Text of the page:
1) The KT133 chipset only supports 100MHz/DDR200 FSB. This
    limits the stock speed processors to those having 200
    "System Bus (MHz)" as Gigabyte put it, but they should have
    stated 100MHz/DDR200 as that would be more technically
    correct. However, there is a chance you could still run
    some newer processor with a faster spec'd FSB than DDR200,
    running it essentially underclocked to it's stock multiplier
    times the DDR200. For example if the CPU multiplier were
    14X, on 100MHz FSB, the result is a processor running at
    1.4GHz. Of course you could instead look for an old 1.4Ghz
    T-Bird Athlon but they may be rarer today, and use more
    power. There might also be CPU multiplier support issues, I
    don't really recall all the details anymore and they also
    varied per board so even if I guessed it might not be

    2) Power is a factor. The board might (probably does)
    support the lower CPU vcore voltage of newer processors, but
    these newer faster processors at lower voltage consume a
    significant amount more current... possibly a fair bit more
    than the motherboard designers intended, more than the
    board's VRM CPU supply subcircuit was engineered to handle.
    It may make the mosfets and capacitors run hot and being
    aged capacitors already, they might have an unacceptibly
    short life running hotter. If the increased heat is only
    moderate one solution might be to install a small fan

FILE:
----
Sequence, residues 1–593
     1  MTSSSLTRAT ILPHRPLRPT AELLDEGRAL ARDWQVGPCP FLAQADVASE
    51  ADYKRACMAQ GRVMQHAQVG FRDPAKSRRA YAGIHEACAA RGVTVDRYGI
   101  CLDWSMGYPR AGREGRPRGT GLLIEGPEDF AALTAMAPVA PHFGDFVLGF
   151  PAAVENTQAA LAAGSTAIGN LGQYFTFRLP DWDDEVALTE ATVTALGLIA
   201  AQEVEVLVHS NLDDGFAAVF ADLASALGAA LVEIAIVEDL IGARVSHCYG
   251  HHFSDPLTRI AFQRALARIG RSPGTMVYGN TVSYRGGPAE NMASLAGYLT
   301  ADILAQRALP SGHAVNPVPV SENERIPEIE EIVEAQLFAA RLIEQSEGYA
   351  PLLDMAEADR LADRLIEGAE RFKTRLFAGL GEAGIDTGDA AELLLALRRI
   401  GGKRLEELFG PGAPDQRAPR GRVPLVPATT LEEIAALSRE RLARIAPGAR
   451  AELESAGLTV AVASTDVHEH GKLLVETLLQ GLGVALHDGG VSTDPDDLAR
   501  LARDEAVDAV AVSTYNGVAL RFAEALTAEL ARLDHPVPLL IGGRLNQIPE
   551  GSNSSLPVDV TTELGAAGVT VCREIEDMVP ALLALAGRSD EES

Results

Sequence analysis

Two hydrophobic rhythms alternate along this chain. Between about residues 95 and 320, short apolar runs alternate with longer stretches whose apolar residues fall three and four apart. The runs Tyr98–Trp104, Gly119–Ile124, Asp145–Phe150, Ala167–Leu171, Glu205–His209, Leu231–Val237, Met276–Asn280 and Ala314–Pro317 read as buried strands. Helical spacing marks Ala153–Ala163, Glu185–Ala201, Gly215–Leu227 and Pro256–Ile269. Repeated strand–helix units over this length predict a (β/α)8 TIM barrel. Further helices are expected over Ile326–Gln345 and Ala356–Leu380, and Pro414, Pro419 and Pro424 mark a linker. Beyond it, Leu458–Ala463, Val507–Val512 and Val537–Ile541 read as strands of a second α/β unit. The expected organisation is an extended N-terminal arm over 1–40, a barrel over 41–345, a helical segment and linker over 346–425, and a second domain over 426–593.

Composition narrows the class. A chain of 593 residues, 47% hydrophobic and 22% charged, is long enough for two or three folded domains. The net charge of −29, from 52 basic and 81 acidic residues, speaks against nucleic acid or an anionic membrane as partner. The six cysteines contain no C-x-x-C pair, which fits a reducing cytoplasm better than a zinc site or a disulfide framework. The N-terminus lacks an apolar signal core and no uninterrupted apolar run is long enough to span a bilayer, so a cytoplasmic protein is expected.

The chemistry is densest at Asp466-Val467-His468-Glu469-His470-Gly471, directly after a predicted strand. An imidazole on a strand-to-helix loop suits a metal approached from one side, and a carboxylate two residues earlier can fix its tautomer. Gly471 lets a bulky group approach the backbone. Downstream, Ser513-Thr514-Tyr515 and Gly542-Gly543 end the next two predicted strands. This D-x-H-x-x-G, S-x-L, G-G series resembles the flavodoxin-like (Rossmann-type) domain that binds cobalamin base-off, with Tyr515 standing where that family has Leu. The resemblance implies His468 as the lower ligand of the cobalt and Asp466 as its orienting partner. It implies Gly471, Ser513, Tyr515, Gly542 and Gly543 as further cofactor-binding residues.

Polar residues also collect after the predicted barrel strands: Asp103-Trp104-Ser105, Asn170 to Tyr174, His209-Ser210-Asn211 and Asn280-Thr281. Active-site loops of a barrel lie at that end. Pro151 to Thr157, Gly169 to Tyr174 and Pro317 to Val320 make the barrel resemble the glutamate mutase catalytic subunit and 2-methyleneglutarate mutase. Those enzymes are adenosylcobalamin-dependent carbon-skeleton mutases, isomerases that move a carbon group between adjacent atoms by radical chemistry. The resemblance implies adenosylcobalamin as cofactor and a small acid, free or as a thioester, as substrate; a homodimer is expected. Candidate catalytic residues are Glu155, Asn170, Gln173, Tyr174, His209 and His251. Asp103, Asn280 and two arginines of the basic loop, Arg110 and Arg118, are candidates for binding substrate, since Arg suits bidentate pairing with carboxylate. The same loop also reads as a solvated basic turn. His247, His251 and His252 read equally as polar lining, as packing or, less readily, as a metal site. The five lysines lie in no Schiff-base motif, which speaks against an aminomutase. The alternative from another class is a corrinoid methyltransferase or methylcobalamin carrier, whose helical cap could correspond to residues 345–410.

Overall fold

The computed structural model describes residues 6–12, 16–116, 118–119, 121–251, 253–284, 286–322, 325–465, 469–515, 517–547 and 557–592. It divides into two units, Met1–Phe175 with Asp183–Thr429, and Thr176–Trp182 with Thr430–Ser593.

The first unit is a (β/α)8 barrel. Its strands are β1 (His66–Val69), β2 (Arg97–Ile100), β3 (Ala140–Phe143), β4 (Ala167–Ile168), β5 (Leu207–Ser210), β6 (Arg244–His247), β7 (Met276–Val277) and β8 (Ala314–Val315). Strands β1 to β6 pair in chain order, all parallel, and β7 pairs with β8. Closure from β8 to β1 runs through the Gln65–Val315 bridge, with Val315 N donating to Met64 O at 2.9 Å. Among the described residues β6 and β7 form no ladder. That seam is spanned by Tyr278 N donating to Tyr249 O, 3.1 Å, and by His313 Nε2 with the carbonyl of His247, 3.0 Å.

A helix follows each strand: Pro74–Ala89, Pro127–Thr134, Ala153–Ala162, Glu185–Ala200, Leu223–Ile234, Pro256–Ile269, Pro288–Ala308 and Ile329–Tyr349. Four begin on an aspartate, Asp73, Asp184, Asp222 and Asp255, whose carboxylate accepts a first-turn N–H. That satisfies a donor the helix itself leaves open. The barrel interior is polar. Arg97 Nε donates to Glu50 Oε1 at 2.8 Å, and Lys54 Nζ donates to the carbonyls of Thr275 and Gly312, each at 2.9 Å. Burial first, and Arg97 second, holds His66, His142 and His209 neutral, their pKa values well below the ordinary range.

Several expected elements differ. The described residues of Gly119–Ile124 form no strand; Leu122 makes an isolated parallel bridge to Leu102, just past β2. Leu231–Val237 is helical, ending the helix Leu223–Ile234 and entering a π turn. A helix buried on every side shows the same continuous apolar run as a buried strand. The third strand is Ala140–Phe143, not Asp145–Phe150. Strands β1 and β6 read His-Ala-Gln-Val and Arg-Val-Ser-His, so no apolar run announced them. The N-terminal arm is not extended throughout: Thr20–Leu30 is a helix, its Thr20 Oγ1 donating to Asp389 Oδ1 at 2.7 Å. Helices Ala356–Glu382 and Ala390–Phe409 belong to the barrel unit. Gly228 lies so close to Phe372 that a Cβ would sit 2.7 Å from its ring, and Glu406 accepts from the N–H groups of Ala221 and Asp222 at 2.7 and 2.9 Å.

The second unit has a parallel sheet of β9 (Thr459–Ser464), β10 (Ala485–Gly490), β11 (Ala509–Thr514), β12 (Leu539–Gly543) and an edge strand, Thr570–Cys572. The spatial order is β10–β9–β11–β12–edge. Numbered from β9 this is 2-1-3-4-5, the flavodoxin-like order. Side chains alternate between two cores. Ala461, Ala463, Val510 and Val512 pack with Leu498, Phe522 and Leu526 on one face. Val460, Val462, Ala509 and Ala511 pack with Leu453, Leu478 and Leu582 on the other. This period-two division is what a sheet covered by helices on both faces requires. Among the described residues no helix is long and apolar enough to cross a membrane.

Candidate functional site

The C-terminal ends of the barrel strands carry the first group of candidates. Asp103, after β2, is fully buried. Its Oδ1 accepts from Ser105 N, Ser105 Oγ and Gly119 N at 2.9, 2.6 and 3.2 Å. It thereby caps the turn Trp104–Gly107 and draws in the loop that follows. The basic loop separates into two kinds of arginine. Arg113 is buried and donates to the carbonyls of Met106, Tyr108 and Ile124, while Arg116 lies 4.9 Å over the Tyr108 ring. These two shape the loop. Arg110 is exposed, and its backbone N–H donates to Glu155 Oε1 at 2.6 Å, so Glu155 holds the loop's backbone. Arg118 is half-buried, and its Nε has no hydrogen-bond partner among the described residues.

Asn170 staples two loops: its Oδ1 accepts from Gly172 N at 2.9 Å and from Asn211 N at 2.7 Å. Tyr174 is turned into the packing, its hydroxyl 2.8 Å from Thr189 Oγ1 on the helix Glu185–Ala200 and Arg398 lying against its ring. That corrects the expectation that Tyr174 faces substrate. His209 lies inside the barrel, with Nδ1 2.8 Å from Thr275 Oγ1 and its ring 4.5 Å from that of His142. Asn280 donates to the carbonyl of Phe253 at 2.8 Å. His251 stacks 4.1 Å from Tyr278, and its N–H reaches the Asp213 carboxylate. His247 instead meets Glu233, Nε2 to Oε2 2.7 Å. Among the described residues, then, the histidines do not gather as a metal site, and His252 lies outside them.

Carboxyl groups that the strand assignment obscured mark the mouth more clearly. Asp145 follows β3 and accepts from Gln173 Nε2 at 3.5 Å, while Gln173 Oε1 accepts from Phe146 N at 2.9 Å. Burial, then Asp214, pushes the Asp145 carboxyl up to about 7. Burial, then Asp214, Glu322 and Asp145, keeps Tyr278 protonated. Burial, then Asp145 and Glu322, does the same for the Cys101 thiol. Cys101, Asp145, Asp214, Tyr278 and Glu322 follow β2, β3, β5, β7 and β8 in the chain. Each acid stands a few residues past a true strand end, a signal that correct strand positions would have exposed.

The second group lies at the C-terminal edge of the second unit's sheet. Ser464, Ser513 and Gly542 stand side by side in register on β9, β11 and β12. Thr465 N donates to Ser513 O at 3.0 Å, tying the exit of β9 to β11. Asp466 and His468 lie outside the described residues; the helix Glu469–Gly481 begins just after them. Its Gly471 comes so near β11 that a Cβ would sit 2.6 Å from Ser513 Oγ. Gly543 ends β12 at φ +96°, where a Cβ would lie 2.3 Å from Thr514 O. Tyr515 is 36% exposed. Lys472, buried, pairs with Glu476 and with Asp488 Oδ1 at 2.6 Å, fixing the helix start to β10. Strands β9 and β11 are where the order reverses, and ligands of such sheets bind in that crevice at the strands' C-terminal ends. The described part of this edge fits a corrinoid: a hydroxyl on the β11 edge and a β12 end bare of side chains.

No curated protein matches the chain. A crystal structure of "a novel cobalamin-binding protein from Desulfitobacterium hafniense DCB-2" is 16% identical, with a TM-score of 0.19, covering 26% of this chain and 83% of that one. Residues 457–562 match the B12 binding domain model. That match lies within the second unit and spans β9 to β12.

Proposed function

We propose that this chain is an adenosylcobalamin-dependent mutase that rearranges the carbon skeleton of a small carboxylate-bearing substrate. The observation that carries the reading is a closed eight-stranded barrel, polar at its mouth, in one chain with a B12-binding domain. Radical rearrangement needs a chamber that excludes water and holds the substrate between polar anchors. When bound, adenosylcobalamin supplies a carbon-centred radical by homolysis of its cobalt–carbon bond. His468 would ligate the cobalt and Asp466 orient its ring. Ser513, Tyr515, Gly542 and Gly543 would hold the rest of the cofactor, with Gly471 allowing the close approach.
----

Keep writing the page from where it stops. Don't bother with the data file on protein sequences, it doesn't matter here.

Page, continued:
blowing upon that area, or if your heatsink has a high
    volume fan and is oriented such that a large % of the
    exhaust flows over that area it might be sufficient already
    to cool the VRM subcircuit.

    Correction - your board's VRM subcircuit, based on the
    picture on the page for the CPU support, looks a bit
    compromised and relocated probably due to being a mATX board
    and old enough that processors didnt use much current yet.
    Much of it is placed on the other side of the memory and it
    may not be very well cooled, and it looks as though
    Gigabyte left a few capacitors off the board where they
    might've been installed since at the time processors didn't
    use as much current. I would be cautious even more about
    the resultant heat of upgrading to the fastest processor the
    board "might" be able to run.

    3) Past the first Palomino, perhaps even just before that,
    there were some signaling changes in the board circuitry and
    a bios update "might" be needed for some processors. If you
    can find no further info about your specific board then the
    best attempt would be flashing to the latest bios first then
    trying any CPU you had. If this upgrade requires purchasing
    new processor and it isnt' very cheap, as another poster
    mentioned it might now be time to look at replacing the
    whole processor, board, and memory combo. Unfortunately it
    is also likely you'd need a new PSU at this point as your
    system used mostly 5V current while a modern one uses mostly
    12V current, causing a change in the 5V vs 12V rail output
    bias that PSUs were later designed to accomodate.
    kony, Jan 2, 2008
  10. artix

    gfretwell Guest

    I suppose it depends on your OS. If you are running some bloatware
    like XP or Vista you may be memory bound. The last Vista machine I
    looked at was eating 400meg of RAM and burning a big chunk of a P4 CPU
    just churning on the desktop. This was a fresh load on a new machine
    right out of the box, not somethng with a few years of spyware.
    gfretwell, Jan 2, 2008
  11. artix

    artix Guest

    Thank you All for the very helpful replies. I will be looking into
    buying a new computer as soon as I saved up a few hundred $$. Thanks again.
    artix, Jan 2, 2008
    1. Advertisements

Ask a Question

Want to reply to this thread or ask your own question?

You'll need to choose a username for the site, which only take a couple of moments (here). After that, you can post your question and our members will help you out.